Option 2 retains the twelve12 urban wards inside the Greenbelt. Various boundaries have been adjusted to improve the functioning of the wards and establish easily recognizable boundaries. Within the urban area, this Option has the fewest boundary changes of any option. Option 2 can be considered as the Option that requires the least boundary adjustments, while still addressing the growth in suburban Ottawa. The Option 2 suburban and rural ward boundaries are the same as in Option 1.

Option 3 This Option has 11 urban wards, nine suburban wards and three rural wards and maintains the size of Council. A sizeable number of respondents during Round 1 of the project’s public process wanted to maintain the current number of wards.

Option 3 responds to the comments that either “things seem to be working fine” or “there should be no increase in the size of Council”. The average ward population is 50,000 for the 2026 target year.

In order to maintain 23 wards, one ward has to be redistributed in the urban area. There are two reasons for this. First, two wards need to be added to the suburban area to improve voter parity and second, the rural population is too large to be reduced to two wards. This requires major changes to virtually all ward boundaries due to the “domino effect” of removing a ward. The Option 3 suburban and rural ward boundaries are the same as in Options 1 and 2, with a second Barrhaven ward being added and the boundary between Barrhaven and Rideau-Goulbourn moving back to Barnsdale Road.

Option 4 also has 11 urban wards, nine suburban wards and three rural wards and maintains the size of Council. The average ward population is 50,000 for the 2026 target year.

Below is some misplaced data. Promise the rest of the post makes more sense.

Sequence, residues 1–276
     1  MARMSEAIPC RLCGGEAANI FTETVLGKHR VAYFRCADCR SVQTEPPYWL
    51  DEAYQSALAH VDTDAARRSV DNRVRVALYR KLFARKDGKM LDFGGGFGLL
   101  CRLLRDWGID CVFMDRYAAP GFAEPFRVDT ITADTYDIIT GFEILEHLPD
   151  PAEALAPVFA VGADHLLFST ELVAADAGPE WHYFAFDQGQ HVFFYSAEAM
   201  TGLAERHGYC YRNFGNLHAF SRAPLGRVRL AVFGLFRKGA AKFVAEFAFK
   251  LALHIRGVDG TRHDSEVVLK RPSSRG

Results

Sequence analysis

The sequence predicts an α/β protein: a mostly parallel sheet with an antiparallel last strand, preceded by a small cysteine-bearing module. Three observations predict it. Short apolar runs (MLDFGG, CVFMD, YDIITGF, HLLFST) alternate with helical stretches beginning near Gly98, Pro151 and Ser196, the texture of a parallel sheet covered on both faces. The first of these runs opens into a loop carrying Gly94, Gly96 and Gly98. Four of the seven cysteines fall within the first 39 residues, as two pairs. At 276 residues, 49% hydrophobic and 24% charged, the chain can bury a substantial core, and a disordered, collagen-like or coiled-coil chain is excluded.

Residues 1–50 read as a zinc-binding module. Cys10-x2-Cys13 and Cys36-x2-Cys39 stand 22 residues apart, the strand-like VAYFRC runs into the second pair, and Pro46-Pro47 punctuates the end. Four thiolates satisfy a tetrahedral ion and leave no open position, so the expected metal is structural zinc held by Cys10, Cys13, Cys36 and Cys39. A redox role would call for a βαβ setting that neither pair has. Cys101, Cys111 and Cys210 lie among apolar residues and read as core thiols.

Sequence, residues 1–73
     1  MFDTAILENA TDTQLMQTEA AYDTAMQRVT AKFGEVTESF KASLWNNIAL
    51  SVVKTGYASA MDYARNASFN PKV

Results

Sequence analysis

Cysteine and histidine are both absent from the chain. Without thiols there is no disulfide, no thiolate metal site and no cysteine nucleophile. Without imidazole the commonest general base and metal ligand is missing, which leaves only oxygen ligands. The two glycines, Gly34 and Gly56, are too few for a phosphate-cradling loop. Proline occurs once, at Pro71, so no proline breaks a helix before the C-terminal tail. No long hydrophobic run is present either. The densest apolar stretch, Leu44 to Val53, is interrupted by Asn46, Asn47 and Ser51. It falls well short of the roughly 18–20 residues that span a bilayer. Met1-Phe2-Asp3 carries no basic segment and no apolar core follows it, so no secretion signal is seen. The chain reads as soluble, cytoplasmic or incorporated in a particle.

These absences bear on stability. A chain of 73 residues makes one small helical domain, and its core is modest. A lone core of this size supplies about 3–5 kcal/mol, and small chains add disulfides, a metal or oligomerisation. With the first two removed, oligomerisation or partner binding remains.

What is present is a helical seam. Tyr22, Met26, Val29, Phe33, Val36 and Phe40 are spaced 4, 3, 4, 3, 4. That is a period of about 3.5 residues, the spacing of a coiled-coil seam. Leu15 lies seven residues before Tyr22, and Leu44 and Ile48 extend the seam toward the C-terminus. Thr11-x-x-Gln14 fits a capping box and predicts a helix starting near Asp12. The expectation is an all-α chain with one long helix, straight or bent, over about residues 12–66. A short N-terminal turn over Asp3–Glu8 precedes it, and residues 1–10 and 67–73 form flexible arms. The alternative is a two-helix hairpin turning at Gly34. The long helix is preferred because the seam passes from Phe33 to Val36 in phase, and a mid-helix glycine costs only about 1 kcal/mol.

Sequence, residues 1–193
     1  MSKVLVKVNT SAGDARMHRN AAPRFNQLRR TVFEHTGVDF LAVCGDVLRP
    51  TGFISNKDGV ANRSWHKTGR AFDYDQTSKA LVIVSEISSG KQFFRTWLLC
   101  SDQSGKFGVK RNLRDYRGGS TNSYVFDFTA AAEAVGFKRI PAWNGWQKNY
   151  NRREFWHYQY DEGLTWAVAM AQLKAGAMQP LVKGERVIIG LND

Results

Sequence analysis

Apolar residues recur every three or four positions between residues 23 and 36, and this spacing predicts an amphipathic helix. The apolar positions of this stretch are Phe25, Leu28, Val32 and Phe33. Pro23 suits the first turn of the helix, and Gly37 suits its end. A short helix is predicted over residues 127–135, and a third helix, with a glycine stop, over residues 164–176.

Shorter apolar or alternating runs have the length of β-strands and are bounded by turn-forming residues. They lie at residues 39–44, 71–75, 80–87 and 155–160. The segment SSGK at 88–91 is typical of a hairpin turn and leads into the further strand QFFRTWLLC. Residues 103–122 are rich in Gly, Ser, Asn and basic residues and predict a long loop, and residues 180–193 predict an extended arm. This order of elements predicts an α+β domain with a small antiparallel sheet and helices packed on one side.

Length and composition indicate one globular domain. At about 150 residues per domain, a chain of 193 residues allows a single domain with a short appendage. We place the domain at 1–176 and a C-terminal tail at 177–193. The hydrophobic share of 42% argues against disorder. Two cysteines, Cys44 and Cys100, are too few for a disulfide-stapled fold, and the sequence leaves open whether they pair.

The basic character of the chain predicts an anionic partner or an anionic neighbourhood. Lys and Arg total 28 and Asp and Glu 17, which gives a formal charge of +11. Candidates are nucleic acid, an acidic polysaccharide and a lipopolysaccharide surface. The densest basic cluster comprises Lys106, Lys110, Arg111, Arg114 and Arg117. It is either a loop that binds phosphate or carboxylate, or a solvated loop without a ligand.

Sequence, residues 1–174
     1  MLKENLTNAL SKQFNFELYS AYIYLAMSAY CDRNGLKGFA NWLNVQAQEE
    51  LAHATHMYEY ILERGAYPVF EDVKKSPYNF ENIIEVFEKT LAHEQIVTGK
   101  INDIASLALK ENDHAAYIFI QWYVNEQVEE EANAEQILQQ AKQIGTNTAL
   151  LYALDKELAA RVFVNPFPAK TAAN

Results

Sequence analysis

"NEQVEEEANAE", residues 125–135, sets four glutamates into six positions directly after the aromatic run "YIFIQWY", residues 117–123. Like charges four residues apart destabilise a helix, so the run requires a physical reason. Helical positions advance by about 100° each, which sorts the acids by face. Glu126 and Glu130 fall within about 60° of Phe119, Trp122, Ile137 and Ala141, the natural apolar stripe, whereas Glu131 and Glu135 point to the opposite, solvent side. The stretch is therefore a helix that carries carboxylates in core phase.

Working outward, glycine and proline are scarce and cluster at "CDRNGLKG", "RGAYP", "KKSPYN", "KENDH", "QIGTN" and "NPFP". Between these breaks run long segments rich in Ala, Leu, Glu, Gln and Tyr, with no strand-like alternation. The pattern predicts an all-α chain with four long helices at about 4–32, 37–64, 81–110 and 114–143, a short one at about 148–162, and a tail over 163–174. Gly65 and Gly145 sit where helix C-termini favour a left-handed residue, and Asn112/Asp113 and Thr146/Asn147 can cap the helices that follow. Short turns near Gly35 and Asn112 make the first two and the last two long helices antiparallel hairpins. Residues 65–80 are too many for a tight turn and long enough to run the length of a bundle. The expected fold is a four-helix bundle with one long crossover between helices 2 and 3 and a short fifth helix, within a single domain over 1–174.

Like Option 3, Option 4 responds to the support for maintaining the current number of wards expressed during Round 1 of the project’s public process. Option 4 also redistributes one ward in the urban area inside the Greenbelt. While Option 3 starts the design of new ward boundaries from the west of the urban area, Option 4 begins in the east. This results in very different boundaries in Option 4 than in Option 3. Option 4 is a distinctly different Option. The Option 4 suburban and rural ward boundaries are the same as in Options 1, 2 and 3.

Option 5 would have the most impact on boundaries, with a reduction in wards from 23 to 17.

This Option has nine urban wards, six suburban wards and two rural wards. During the project’s public process another sizeable group of respondents thought that less than 20 wards would be appropriate for Ottawa, some suggesting wards should be reduced to as few as 7 or 8.

Option 5 responds to the sentiment that government should be smaller and wards should be larger. The average ward population is 67,600 for the 2026 target year.

This Option represents a major departure from the current situation. It reduces the number of wards significantly, which leads to major ward boundary adjustments for all wards. In this Option the rural wards are reduced to two, and one suburban ward and three urban wards are redistributed.

In this option, Rideau-Osgoode and West Carleton would become one large rural ward, while Osgoode and the rural part of Cumberland would form the second rural ward. The boundary between Rideau-Goulbourn and Osgoode would no longer be the Rideau River. The new boundary would be Highway 416.

Councillors, residents and stakeholders will be able to provide their feedback on the options beginning in late August. The consultant will recommend an option to the Committee in December.

This is the current Ottawa City Ward boundary map.